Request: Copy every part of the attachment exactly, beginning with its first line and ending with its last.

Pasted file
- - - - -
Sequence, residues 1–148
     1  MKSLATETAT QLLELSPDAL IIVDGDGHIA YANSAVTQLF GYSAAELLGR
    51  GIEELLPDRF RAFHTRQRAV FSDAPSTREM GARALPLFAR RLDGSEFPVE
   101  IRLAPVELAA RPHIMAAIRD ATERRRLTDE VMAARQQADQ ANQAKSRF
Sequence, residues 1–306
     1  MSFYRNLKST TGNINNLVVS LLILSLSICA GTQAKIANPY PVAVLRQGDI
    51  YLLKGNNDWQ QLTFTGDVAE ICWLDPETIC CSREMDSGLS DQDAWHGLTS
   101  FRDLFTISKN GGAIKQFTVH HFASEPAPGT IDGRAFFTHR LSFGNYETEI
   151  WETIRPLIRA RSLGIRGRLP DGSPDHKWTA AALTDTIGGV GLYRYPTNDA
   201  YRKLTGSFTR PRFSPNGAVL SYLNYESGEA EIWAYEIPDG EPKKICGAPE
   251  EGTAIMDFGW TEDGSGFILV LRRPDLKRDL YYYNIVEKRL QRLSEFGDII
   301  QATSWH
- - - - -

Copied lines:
Sequence, residues 1–148
     1  MKSLATETAT QLLELSPDAL IIVDGDGHIA YANSAVTQLF GYSAAELLGR
    51  GIEELLPDRF RAFHTRQRAV FSDAPSTREM GARALPLFAR RLDGSEFPVE
   101  IRLAPVELAA RPHIMAAIRD ATERRRLTDE VMAARQQADQ ANQAKSRF
Sequence, residues 1–306
     1  MSFYRNLKST TGNINNLVVS LLILSLSICA GTQAKIANPY PVAVLRQGDI
    51  YLLKGNNDWQ QLTFTGDVAE ICWLDPETIC CSREMDSGLS DQDAWHGLTS
   101  FRDLFTISKN GGAIKQFTVH HFASEPAPGT IDGRAFFTHR LSFGNYETEI
   151  WETIRPLIRA RSLGIRGRLP DGSPDHKWTA AALTDTIGGV GLYRYPTNDA
   201  YRKLTGSFTR PRFSPNGAVL SYLNYESGEA EIWAYEIPDG EPKKICGAPE
   251  EGTAIMDFGW TEDGSGFILV LRRPDLKRDL YYYNIVEKRL QRLSEFGDII
   301  QATSWH